As mentioned, the salience of features is an important aspect of whether they can be used as landmarks [8,14]. This salience can be seen as forming from a relationship between the observer, the environment and the feature itself . In work by Sorrows and Hirtle , the attributes that contribute to the saliency of a feature were split into three main categories: visual salience, cognitive salience and structural salience. These categories and the attributes within them are used in a number of later studies, such as those by Raubal and Winter  and Nothegger, Winter and Raubal . These higher level categories can be mapped to those presented by Appleyard  with cognitive saliency mapping to symbolic value, structural saliency mapping closer to the attributes of Appleyard’s visibility category and finally visual saliency mapping closer to the form category.
Throughout the landmark salience literature, many studies have identified what types of attributes and characteristics of a feature contribute to its saliency. Often, these attributes are in turn mapped to the three salience categories mentioned. When looking at visual saliency, the predominant attributes include shape [8,14,15], size [8,14,15,22,23], color [8,14,15,22,24], complexity [23,24], height [23,24], age , name  and roof style . The visibility of the feature is also important [8,14,15,22,25,26], which could be seen as both a visual and structural characteristic. Other structural characteristics include the relation of the feature to a road intersection or turning point [6,24,26], as well as distance from the road and the angle in relation to it . Cognitive salience can often be attributed to aspects such as cultural and historic significance [14,15] and activity .
In general, a number of studies aimed at identifying landmarks from a dataset based on individual characteristics (i.e., color and height). Though it is indeed the case that such characteristics contribute to the overall salience of a feature, the presence of information for these characteristics is often lacking in datasets. Throughout the studies relating to landmark identification, a number of different data sources have been utilized. Such datasets include cadastral datasets , collections of street level photography [14,15] and 3D city models . Though many of these data sources have the potential to provide useful information, many require either manual interpretation and data collection or are only available for smaller areas. As such, many methods for landmark extraction have been successful in determining what makes a landmark and thus selecting appropriate features from a dataset, but are generally not applicable for large-scale deployment.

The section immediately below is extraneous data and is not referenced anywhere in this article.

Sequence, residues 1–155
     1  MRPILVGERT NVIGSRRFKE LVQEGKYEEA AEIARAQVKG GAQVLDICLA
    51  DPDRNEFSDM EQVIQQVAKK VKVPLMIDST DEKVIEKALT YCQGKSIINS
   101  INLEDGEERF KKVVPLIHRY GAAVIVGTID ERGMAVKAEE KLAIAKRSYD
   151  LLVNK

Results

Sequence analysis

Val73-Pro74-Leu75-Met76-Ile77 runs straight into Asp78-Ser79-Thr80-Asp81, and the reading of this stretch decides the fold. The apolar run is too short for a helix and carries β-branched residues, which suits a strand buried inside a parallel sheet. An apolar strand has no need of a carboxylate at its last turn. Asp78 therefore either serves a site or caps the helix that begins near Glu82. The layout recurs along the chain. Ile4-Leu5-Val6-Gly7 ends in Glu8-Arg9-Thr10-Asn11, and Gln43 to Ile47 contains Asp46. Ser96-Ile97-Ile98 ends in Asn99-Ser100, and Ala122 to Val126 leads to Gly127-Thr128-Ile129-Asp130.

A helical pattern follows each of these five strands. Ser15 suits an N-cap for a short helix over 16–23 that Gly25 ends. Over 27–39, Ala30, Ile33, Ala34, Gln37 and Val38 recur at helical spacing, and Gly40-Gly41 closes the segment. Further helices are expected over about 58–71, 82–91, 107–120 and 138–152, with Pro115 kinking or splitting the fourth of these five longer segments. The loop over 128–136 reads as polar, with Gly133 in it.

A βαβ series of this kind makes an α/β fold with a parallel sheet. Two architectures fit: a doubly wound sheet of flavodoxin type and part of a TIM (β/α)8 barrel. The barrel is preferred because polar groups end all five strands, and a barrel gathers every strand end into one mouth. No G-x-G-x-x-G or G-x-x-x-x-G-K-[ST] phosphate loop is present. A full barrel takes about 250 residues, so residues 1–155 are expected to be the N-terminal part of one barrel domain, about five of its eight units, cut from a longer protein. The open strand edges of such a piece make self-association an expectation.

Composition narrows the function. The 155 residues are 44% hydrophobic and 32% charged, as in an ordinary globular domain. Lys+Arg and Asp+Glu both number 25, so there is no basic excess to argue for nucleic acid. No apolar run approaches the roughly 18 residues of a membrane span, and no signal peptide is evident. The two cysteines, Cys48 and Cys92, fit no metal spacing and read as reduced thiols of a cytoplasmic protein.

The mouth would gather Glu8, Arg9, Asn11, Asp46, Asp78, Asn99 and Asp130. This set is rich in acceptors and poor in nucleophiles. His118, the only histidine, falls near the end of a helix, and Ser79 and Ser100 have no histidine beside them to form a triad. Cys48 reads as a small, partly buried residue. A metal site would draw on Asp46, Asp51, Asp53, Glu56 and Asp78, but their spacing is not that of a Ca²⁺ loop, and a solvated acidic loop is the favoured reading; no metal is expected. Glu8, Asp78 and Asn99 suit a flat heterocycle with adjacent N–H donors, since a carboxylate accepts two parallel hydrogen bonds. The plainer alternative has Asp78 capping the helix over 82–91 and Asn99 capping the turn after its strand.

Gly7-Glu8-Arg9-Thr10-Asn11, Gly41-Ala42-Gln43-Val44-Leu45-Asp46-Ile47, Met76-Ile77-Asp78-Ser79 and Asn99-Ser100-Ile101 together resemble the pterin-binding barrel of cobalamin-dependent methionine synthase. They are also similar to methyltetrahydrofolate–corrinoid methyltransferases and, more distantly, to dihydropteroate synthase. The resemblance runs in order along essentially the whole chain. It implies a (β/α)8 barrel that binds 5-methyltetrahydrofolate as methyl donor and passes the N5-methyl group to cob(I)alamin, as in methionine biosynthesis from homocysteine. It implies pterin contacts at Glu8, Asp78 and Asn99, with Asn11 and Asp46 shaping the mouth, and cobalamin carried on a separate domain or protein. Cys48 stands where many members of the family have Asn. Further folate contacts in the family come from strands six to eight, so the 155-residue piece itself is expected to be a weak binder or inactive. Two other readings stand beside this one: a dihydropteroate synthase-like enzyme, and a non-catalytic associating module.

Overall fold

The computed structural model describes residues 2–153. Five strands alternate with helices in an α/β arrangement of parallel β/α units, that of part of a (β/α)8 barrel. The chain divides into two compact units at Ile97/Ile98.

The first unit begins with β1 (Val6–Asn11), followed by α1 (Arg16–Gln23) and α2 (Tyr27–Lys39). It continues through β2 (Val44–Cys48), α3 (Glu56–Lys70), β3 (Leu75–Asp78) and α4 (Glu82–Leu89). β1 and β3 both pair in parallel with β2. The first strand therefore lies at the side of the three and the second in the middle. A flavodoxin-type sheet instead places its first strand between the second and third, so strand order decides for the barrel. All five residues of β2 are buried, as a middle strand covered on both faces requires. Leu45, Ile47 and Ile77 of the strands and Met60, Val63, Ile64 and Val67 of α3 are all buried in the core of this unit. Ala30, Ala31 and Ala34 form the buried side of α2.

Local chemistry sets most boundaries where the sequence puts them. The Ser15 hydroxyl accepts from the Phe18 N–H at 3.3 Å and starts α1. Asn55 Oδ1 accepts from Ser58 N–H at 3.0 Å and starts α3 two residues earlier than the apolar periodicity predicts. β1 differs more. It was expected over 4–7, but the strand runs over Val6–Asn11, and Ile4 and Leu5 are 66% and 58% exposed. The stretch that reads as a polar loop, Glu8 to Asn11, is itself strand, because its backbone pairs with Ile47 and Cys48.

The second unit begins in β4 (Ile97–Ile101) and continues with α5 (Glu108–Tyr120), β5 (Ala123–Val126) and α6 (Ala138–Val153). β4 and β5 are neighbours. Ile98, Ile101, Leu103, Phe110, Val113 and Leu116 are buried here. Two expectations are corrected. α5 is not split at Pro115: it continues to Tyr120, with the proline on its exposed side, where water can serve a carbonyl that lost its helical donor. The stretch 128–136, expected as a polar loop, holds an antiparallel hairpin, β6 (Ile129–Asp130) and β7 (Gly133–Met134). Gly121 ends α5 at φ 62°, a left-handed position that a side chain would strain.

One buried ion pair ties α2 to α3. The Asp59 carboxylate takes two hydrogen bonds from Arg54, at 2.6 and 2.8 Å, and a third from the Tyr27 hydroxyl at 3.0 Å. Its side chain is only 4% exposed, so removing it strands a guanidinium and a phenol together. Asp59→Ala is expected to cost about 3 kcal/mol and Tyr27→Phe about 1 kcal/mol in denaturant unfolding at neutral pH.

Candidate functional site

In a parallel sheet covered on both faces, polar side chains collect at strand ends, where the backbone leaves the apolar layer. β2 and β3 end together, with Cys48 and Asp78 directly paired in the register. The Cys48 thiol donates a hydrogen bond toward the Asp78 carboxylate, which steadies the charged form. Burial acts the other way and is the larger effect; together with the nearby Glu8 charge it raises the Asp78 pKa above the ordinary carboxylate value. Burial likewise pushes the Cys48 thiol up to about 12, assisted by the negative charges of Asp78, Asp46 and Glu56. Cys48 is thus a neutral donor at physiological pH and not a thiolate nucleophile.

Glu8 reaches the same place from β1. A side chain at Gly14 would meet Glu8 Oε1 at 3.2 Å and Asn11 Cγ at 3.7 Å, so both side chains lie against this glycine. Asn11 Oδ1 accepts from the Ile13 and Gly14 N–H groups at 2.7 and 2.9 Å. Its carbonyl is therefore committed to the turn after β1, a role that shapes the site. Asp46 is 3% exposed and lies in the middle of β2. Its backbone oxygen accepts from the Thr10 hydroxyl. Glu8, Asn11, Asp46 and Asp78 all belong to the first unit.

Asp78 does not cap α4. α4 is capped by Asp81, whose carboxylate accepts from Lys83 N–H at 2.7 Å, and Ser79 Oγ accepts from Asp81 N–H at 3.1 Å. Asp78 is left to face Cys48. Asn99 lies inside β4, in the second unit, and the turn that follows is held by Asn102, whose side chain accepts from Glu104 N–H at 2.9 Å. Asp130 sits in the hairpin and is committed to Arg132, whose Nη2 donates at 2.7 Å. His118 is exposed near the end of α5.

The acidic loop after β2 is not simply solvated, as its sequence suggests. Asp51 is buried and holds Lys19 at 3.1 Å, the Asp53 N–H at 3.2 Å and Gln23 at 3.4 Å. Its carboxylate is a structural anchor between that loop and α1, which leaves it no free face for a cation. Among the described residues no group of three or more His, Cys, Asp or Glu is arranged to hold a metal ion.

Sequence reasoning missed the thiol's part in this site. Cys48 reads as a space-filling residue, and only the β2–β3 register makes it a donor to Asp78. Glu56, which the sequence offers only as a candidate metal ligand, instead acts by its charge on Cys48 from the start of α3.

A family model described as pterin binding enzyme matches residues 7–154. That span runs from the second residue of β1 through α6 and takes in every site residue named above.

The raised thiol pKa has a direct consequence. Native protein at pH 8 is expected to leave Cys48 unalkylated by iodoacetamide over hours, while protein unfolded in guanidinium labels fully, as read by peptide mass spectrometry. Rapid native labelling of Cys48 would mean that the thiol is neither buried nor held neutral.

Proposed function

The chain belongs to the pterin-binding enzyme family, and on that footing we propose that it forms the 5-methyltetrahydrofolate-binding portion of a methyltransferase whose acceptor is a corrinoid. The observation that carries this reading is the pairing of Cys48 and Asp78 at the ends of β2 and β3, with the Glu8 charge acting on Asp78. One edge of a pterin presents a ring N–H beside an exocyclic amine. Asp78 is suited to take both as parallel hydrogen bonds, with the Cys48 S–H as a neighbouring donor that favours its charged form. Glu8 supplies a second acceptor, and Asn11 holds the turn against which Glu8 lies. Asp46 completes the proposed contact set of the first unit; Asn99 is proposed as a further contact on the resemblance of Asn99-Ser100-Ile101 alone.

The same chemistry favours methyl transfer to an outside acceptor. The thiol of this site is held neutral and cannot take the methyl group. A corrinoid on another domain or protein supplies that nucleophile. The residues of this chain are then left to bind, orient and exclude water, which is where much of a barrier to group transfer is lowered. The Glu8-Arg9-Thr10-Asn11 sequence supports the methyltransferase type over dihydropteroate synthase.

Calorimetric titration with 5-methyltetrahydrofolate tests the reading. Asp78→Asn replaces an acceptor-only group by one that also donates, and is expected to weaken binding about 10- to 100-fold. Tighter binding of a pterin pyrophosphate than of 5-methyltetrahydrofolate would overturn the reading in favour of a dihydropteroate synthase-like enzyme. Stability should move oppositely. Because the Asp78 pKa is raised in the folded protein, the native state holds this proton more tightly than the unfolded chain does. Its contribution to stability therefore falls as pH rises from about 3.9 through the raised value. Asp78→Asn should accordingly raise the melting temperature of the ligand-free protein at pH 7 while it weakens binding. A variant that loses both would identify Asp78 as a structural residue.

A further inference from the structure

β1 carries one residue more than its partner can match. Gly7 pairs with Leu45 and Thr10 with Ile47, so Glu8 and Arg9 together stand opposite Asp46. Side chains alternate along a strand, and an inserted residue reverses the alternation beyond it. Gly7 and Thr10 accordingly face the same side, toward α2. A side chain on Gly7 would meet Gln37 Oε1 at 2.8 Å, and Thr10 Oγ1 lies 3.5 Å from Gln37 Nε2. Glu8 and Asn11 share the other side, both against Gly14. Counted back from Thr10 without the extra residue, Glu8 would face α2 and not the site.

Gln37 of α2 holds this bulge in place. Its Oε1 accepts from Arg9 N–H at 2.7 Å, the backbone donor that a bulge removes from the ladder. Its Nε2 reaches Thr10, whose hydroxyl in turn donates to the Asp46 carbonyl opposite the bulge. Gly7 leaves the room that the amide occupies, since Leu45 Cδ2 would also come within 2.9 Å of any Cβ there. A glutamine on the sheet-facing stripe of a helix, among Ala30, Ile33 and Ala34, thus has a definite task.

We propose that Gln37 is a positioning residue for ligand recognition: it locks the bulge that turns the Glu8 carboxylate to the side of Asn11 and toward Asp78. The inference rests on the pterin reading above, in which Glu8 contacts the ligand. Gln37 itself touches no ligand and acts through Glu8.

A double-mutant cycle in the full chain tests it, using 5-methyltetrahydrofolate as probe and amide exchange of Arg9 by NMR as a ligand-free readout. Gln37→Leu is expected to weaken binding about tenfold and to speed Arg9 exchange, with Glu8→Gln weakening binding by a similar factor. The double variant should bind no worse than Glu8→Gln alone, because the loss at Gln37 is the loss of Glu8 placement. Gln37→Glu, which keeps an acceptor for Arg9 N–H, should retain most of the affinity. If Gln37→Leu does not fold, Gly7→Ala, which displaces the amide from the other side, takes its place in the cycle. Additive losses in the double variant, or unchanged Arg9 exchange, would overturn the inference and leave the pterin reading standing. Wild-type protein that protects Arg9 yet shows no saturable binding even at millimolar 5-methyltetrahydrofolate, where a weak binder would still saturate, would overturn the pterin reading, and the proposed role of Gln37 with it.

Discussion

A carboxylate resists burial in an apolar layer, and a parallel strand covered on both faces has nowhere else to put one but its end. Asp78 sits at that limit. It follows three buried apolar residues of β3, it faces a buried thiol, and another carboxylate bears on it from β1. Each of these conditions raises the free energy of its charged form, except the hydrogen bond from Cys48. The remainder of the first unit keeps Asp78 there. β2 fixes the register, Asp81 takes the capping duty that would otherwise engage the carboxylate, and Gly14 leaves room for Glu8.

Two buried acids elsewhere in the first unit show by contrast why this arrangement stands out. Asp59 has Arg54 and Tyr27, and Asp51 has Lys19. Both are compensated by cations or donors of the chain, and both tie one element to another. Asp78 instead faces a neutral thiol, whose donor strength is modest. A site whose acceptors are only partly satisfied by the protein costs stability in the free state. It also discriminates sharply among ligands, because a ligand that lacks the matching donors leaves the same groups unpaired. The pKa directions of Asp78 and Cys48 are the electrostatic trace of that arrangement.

In more recent studies, a trend has emerged of using types of feature as a proxy to its salience. In the methods presented by Duckham, Winter and Robinson , the type of a feature (i.e., if it is a restaurant, church or embassy) is used in the identification process as opposed to individual characteristics. The basic concept is that some types of features generally stand out in the environment and, as such, could become landmarks. The method itself aims at identifying how salient a type of building is and how likely that an individual instance of that type would fit with this salience. In an example provided, they highlight that a church could be typically seen as a landmark, due to (in a large part) its physical characteristics, but in some cases (such as a hospital chapel), the “church” might not be visible and, so, would not be suitable. Using a method for taking into account both of these aspects, scores were assigned to the types of features. The implementation of this method in the WhereIs platform shows that such a method is viable for large-scale usage. In fact, Richter  indicates that the use of categories as opposed to individual characteristics is a promising direction of implementation, as it reduces the need for detailed datasets describing individual properties.
Following a similar approach of using feature type as a salience indicator, Dräger and Koller  propose the use of specific features for inclusion in navigation instructions for car drivers. Though their selection methods appear to be less well formed than those of Duckham, Winter and Robinson , an aspect of particular interest is the data source: OpenStreetMap (OSM). The usage of OSM as a data source directly helps in relieving a challenge identified by May et al. . They remark that a predominant challenge when they performed their investigation was the availability of a navigable database containing information that could be used to identify landmarks. OSM could be this navigable database.